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Technology Tools

Educators often take advantage of educational technologies as they make the shifts in instruction, teacher roles, and learning experiences that next gen learning requires. Technology should not lead the design of learning, but when educators use it to personalize and enrich learning, it has the potential to accelerate mastery of critical content and skills by all students.

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Many U.S. companies report difficulty finding qualified candidates; read how one institution is taking action with support from an Integrated Planning and Advising for Student Success (iPASS) grant.

Over the past 10 years, STEM jobs have grown three times more than other types of professions; today, STEM roles make up 20 percent of all positions. According to the U.S. Department of Labor, between 2010 and 2020 the overall employment in STEM occupations is projected to increase by 17 percent. Yet a significant number of U.S. companies report difficulty in finding qualified candidates to fill critical vacancies.

Institutions of higher education are paying attention, and some are taking action to respond to the needs of industry.

Part of the New Mexico State University system, Doña Ana Community College (DACC) was one of 26 recipients of the Integrated Planning and Advising for Student Success (iPASS) grants; funding for their project came from the Leona M. and Harry B. Helmsley Charitable Trust. The college was one of just four institutions that received the grant for a STEM-focused initiative.

The move is a strategic one, as New Mexico anticipates a need for more than 49,000 STEM employees by 2018, with nearly four in 10 STEM jobs will involve engineering and technical occupations. Although half of all roles won’t require a four-year college degree—offering a lucrative opportunity for graduates of technical and two-year colleges—the average pay is 10 percent higher than jobs with similar educational requirements.

Rajaa Shindi, a part-time faculty member and database developer at DACC, serves as one of the college’s iPASS project leads.

“Our initial purpose was to purchase tools that help with planning and the integration of components needed for successful advising efforts. One narrative was focused solely on how we could increase STEM awareness.”

What they explored could quickly be translated into a campus-wide movement, requiring efforts across departments and a firm commitment to STEM awareness and advising. The team felt that this could cement their position locally as a STEM-focused community college that prepares students competitively for these fields in both college and career.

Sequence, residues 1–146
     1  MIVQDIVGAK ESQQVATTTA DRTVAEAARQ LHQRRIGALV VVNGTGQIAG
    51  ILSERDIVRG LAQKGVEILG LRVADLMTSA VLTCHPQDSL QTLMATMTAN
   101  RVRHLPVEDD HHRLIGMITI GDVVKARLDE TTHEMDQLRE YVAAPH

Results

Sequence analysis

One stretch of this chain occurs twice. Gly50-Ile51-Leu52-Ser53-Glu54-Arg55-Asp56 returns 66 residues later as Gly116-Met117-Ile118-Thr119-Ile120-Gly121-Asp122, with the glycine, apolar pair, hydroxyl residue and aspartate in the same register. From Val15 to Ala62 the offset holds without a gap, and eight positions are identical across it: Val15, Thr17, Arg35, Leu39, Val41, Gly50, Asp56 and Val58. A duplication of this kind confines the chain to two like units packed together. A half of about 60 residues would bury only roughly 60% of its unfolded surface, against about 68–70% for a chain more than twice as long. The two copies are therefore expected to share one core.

To get there, they established a vision for the project:

  • The critical role of STEM education and training to qualify for a well-paid blue collar and/or technical job will be communicated frequently and emphatically while integrated into the language and culture of DACC.
  • DACC will be a vital student and community resource for information related to the demand of, and practical skills required for, careers in STEM fields.
  • DACC will research and consolidate critical and basic information about stem programs and individual courses. Specifically, the college will identify, define, and organize the STEM domain and related domains based on occupation with the duties and skills associated with each occupation type identified.

Next, the team at DACC set measurable, achievable goals for advising students on STEM pathways.

Identify, promote, and increase program completion in high-demand STEM academic/career pathways

The team selected three programs that led to high-demand STEM occupations: general engineering, Associate of Science, and computer science. Today, DACC is in the process of collaborating with program advisory boards—which have a strong employer representation—to better identify critical STEM workforce needs. Advisors, faculty and staff who serve as frontline communicators with students have been trained on IPASS software applications, which DACC hopes will improve retention and expedite completion in the aforementioned cohort programs.

Through an ATD/Educause IPASS Grant, DACC implemented the first phase of our IPASS initial Ellucian CRM-Advise, a technology that engages students in learning how to successfully navigate higher education. Using CRM Advise and the necessary caseload assignments, advisors is able to target special populations within their caseloads for special advising initiatives. The college is currently focusing on STEM students by 1.) placing advising/registration holds on all STEM students, 2.) Utilizing degree maps with all STEM students, and 3.) field testing CRM Advise interventions on STEM students.